Katie Anastas, Alaska Public Media - Anchorage

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A sign on a beige wall that says "Anchorage Health Department"

‘This is not a gay virus’: Health officials address misconceptions about monkeypox

Outreach about vaccines is currently targeted to gay and bisexual men and transgender people, but monkeypox can spread during any prolonged skin-to-skin contact.
A man talks next to a flag.

Alaska News Nightly: Friday, August 12, 2022

Three people died and two were injured in a fire at a Bethel housing complex. Conservative gubernatorial candidates go after Gov. Mike Dunleavy's record. And health officials address misconceptions about monkeypox.

Anchorage School District will start school year without mask mandate

If a COVID outbreak occurs within a class, sports team or set of classrooms, district leaders could add additional mitigation measures. Those could include a mask requirement, limited visitor access or a temporary classroom closure.
Sarah Palin speaks at a podium, a crowd surrounds her

Alaska News Nightly: Thursday, August 11, 2022

The Anchorage Assembly wants to know how the city's former health director was hired with a fraudulent resume. Republican candidates in the special election are competing for the same pool of voters. Dipnetting brings crowds and their trash to Kenai Peninsula beaches, and volunteers are cleaning up.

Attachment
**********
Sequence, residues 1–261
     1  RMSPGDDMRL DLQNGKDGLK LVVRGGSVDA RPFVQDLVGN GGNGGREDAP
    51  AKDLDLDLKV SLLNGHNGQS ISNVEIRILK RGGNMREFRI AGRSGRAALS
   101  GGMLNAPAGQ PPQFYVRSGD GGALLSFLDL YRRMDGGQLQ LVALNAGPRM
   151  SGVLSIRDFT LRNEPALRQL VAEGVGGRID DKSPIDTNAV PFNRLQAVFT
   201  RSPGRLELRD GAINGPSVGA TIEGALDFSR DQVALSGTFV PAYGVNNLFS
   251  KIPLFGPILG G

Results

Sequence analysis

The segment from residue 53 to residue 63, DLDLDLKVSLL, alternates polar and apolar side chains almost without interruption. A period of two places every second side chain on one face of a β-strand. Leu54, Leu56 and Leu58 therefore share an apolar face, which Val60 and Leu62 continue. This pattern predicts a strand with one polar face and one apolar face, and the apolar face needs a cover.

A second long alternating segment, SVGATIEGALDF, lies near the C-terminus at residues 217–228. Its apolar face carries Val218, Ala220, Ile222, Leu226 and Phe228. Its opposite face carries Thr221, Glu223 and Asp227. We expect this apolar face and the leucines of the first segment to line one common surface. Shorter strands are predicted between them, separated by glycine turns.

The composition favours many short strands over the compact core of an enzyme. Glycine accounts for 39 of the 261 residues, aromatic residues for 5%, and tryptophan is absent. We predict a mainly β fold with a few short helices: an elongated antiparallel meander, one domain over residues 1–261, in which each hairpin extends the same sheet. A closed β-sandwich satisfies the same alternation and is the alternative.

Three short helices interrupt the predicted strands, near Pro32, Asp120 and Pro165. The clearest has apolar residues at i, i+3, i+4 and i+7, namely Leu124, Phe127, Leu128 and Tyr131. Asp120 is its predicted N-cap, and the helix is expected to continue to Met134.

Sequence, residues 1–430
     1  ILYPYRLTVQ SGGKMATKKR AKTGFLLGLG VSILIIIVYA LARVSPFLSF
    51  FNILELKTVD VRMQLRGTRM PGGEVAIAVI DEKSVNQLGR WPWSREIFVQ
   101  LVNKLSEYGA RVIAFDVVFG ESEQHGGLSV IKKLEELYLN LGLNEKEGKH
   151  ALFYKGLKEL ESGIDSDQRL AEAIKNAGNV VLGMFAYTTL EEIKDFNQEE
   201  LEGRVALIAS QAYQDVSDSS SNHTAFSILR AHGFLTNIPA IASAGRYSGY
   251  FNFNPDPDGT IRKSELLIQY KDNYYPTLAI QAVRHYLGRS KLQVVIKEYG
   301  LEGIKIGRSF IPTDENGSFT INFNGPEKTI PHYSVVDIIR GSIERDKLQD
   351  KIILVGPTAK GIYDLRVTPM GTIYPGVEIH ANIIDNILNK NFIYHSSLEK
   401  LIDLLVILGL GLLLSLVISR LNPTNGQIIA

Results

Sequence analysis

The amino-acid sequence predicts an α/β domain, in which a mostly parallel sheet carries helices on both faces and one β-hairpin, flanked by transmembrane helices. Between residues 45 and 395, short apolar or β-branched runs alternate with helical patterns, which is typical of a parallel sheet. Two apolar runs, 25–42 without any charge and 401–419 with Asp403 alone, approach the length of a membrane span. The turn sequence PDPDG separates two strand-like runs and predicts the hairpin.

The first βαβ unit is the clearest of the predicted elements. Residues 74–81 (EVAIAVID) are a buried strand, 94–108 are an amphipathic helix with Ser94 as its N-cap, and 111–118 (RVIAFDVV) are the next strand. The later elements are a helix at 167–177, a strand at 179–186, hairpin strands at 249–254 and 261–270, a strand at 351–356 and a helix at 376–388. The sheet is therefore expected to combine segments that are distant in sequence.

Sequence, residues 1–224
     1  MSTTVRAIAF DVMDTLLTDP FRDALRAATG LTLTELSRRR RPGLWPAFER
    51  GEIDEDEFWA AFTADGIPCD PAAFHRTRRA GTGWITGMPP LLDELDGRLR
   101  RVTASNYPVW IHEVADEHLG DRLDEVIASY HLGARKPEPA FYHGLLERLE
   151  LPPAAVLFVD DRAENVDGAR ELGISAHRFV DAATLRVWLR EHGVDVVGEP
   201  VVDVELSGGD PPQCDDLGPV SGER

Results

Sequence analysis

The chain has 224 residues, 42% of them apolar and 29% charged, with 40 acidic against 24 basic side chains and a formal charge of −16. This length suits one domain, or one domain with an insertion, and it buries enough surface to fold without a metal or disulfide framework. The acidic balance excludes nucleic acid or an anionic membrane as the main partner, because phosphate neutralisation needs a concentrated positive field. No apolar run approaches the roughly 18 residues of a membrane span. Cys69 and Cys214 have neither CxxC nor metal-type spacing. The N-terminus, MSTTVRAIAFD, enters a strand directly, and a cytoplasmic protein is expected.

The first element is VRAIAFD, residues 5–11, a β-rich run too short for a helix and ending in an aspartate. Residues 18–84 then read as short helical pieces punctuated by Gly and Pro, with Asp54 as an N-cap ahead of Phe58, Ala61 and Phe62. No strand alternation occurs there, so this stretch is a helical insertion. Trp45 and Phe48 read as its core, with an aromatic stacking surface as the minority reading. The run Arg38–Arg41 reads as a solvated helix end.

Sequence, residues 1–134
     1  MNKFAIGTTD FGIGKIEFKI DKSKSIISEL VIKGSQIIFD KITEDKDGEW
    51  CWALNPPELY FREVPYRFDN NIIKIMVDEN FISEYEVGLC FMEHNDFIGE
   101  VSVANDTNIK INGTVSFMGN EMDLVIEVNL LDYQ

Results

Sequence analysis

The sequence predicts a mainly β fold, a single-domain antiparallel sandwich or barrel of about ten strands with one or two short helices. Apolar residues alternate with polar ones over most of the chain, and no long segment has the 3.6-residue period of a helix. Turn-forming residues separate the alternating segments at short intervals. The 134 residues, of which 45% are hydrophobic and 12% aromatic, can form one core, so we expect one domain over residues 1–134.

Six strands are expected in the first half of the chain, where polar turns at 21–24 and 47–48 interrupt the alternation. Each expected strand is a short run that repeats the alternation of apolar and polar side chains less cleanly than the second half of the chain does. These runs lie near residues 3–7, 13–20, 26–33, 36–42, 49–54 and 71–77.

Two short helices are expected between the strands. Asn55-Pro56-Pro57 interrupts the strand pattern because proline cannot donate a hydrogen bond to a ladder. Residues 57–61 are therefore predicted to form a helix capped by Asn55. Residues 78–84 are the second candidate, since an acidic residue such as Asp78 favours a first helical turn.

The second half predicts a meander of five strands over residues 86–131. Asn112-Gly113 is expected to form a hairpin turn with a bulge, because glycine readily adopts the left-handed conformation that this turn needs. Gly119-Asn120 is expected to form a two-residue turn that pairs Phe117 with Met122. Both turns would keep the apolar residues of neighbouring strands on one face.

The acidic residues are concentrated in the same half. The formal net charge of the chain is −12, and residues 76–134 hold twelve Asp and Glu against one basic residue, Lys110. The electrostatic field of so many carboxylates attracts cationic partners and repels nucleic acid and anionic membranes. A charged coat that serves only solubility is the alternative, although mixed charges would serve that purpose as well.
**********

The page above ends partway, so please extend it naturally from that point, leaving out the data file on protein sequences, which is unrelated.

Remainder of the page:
Joe Gerace talks with people in front of dumpsters in front of the Sullivan Arena shelter

Alaska News Nightly: Wednesday, August 10, 2022

Anchorage Mayor Dave Bronson launches an investigation into the hiring of the former health director. Also, a new report looks at possible causes of the 2020 plane crash that killed a Soldotna representative and six others. And Denali National Park gets some mid-summer snowfall.
A man in a tie stands in front of two men ins uits

Anchorage students will go weeks without bus service amid driver shortage

The Anchorage School District only has enough drivers to serve 7,000 students out of the 20,000 that use the bus.
Joe Gerace looks over the shelter floor

Alaska News Nightly: Tuesday, August 9, 2022

An investigation shows Anchorage's former health director lied about his education and military experience. Also, federal officials hope to expand broadband access throughout the state. And a rural school district is making it easier for local people to become teachers.

Alaska News Nightly: Monday, August 8, 2022

Cruise passengers say Holland America is sending them home on state ferries if they get COVID. Also, inflation and low salmon runs are leaving Yukon River families hungry. And Anchorage schools compete with fast food restaurants as they struggle to hire cafeteria workers.
a person prepares lunch

Anchorage school meal program faces worker shortage, loss of pandemic funding

District leaders say they’re competing with restaurants and grocery stores for a small pool of food service workers.

Alaska News Nightly: Friday, August 5, 2022

Advocates demand that Anchorage police officers carry the opioid overdose reversing medication Narcan. Indigenous leaders respond after parents sue over a school's use of tribal values. And tourists find a time capsule from 2006 near Juneau's Mendenhall Glacier.